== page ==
By Pat Anson, Editor
A few weeks of yoga can significantly improve the health and mental well-being of people suffering from the two most common forms of arthritis, according to a new study at Johns Hopkins University.
Researchers found that 8 weeks of yoga classes reduced pain and improved the energy, mood and physical activity of patients with rheumatoid arthritis or knee osteoarthritis. The study, published in the Journal of Rheumatology, is believed to be the largest randomized trial to examine the effect of yoga on the physical and psychological health of arthritis sufferers.
"There's a real surge of interest in yoga as a complementary therapy, with 1 in 10 people in the U.S. now practicing yoga to improve their health and fitness," said Susan Bartlett, PhD, an adjunct associate professor of medicine at Johns Hopkins and associate professor at McGill University.
"Yoga may be especially well suited to people with arthritis because it combines physical activity with potent stress management and relaxation techniques, and focuses on respecting limitations that can change from day to day."
Rheumatoid arthritis (RA) is a chronic autoimmune disease in which the body’s own defenses attack joint tissues, causing pain, inflammation and bone erosion. About 1.5 million Americans and 1% of adults worldwide suffer from RA.
Knee osteoarthritis (OA) is even more common and affects over 250 million people worldwide. Nearly 40 percent of Americans over the age of 45 have some degree of knee OA, which causes thinning of cartilage and progressive joint damage.
Johns Hopkins researchers recruited 75 sedentary adults with either knee osteoarthritis or RA. Participants were randomly assigned to either a wait list or eight weeks of twice-weekly yoga classes, plus a weekly practice session at home. Their physical and mental well-being were assessed before and after the yoga sessions by researchers who did not know which group the participants had been assigned to.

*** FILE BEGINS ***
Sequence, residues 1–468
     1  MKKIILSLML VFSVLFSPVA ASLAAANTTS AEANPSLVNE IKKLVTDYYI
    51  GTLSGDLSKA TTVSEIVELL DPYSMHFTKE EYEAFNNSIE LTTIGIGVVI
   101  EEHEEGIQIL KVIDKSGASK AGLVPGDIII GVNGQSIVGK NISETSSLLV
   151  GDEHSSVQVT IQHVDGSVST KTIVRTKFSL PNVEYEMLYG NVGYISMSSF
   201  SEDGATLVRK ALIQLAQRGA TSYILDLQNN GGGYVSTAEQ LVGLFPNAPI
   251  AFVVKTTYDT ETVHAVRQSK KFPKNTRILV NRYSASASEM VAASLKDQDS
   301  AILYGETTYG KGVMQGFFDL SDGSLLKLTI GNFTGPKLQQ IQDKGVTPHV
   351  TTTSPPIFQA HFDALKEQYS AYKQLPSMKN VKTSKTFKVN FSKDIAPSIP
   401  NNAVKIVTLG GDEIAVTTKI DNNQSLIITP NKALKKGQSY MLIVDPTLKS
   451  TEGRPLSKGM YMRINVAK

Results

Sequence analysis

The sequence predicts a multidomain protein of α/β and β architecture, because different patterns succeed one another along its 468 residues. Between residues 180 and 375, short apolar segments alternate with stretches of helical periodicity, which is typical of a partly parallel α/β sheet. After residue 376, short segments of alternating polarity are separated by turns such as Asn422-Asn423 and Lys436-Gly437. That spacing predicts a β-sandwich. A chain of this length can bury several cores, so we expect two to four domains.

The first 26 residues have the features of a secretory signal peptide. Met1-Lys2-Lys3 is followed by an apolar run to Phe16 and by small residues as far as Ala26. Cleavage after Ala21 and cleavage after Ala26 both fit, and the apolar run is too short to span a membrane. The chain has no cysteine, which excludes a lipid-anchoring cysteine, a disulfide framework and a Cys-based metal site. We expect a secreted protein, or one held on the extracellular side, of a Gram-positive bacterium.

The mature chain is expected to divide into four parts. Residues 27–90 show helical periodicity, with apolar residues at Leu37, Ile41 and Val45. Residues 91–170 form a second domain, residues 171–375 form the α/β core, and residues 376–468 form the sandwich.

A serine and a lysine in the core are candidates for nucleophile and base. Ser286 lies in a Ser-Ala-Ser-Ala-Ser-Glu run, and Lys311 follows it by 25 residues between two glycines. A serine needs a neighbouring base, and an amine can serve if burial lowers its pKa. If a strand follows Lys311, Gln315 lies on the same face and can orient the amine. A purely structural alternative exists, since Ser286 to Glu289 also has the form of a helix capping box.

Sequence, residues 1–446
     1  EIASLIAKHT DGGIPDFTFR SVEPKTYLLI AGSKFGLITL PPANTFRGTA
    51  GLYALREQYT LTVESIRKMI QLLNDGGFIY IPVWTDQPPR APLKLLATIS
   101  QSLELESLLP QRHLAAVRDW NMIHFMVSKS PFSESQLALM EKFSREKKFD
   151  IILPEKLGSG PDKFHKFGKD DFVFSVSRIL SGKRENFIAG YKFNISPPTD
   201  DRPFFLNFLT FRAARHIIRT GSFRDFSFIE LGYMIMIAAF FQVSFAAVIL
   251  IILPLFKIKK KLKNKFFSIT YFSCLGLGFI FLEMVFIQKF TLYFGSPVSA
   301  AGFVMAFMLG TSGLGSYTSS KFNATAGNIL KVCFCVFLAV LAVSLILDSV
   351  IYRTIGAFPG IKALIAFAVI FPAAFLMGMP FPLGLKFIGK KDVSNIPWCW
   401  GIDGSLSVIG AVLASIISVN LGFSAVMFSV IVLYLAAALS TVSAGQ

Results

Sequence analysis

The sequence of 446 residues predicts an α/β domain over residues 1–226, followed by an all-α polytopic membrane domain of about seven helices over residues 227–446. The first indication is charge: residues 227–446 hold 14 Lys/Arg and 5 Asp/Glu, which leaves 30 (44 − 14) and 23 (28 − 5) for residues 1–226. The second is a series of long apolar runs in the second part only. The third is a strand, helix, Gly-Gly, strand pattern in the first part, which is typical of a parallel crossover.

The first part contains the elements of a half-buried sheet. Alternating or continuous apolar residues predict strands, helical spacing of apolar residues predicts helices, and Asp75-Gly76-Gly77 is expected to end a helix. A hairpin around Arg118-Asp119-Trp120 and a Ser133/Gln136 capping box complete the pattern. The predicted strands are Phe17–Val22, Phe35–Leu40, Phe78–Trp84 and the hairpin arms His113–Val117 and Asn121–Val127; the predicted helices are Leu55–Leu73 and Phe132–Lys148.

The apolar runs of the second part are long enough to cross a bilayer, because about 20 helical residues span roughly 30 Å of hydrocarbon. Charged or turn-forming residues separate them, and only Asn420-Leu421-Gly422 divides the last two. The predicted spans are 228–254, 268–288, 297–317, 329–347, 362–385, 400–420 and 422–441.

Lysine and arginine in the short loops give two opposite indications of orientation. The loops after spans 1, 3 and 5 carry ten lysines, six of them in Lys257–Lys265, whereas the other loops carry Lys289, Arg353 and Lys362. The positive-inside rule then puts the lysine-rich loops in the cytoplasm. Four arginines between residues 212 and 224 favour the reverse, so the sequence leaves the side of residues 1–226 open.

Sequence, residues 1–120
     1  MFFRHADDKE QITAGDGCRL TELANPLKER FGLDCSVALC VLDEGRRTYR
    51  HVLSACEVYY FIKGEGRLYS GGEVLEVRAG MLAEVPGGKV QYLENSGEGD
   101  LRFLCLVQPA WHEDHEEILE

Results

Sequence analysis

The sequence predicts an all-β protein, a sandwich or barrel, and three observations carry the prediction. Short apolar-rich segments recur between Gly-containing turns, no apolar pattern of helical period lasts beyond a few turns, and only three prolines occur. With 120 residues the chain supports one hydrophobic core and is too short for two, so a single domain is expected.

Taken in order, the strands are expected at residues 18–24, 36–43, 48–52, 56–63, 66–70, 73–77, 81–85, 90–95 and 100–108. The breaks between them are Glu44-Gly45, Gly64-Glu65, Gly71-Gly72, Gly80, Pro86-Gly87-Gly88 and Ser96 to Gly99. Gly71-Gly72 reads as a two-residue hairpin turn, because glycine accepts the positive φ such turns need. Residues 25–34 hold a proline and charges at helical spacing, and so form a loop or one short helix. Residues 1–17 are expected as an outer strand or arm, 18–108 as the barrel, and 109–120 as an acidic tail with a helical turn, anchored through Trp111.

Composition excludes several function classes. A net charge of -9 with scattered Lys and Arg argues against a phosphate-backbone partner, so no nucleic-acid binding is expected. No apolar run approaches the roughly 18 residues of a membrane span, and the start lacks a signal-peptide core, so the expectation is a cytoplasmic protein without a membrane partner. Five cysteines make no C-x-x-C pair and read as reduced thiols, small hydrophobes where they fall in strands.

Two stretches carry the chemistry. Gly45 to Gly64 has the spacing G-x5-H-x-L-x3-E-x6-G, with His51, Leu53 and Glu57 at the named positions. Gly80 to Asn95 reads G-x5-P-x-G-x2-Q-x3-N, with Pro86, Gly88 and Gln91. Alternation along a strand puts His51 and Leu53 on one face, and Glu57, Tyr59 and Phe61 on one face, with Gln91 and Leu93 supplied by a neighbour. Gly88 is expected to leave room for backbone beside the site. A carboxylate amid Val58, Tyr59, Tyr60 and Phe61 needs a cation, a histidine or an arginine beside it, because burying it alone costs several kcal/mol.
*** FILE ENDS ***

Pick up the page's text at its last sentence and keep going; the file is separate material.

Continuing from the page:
Those doing yoga reported a 20% improvement in pain, energy levels, mood and physical function, including their ability to complete physical tasks. Walking speed also improved to a lesser extent, though there was little difference between the groups in tests of balance and upper body strength. Improvements in those who completed yoga were still apparent nine months later.
"For people with other conditions, yoga has been shown to improve pain, pain-related disability and mood," said Clifton Bingham III, MD, associate professor of medicine at Johns Hopkins University School of Medicine and director of the Johns Hopkins Arthritis Center.
"But there were no well-controlled trial of yoga that could tell us if it was safe and effective for people with arthritis, and many health professionals have concerns about how yoga might affect vulnerable joints given the emphasis on changing positions and on being flexible. Our first step was to ensure that yoga was reasonable and safe option for people with arthritis.”
Participants were screened by their doctors prior to joining the study, and continued to take their regular arthritis medication. Instructors in the yoga classes also had additional training to modify poses to accommodate people with limited physical ability.
“Find a teacher who asks the right questions about limitations and works closely with you as an individual. Start with gentle yoga classes. Practice acceptance of where you are and what your body can do on any given day," Bingham said.